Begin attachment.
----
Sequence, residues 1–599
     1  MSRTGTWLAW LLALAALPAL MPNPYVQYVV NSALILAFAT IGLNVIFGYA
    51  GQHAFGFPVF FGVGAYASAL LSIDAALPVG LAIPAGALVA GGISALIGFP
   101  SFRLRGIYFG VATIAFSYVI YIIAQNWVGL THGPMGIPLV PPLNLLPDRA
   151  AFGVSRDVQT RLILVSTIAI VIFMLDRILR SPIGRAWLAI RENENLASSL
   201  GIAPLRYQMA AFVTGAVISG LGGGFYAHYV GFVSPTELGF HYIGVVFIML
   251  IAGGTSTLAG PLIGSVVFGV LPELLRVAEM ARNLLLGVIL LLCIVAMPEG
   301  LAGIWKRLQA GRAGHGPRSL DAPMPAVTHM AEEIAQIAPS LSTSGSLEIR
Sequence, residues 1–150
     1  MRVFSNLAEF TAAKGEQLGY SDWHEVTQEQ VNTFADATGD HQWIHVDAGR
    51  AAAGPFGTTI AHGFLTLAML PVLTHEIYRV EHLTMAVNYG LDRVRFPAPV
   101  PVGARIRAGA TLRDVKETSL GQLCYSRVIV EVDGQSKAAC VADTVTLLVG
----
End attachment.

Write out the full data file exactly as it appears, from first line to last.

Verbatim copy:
Sequence, residues 1–599
     1  MSRTGTWLAW LLALAALPAL MPNPYVQYVV NSALILAFAT IGLNVIFGYA
    51  GQHAFGFPVF FGVGAYASAL LSIDAALPVG LAIPAGALVA GGISALIGFP
   101  SFRLRGIYFG VATIAFSYVI YIIAQNWVGL THGPMGIPLV PPLNLLPDRA
   151  AFGVSRDVQT RLILVSTIAI VIFMLDRILR SPIGRAWLAI RENENLASSL
   201  GIAPLRYQMA AFVTGAVISG LGGGFYAHYV GFVSPTELGF HYIGVVFIML
   251  IAGGTSTLAG PLIGSVVFGV LPELLRVAEM ARNLLLGVIL LLCIVAMPEG
   301  LAGIWKRLQA GRAGHGPRSL DAPMPAVTHM AEEIAQIAPS LSTSGSLEIR
Sequence, residues 1–150
     1  MRVFSNLAEF TAAKGEQLGY SDWHEVTQEQ VNTFADATGD HQWIHVDAGR
    51  AAAGPFGTTI AHGFLTLAML PVLTHEIYRV EHLTMAVNYG LDRVRFPAPV
   101  PVGARIRAGA TLRDVKETSL GQLCYSRVIV EVDGQSKAAC VADTVTLLVG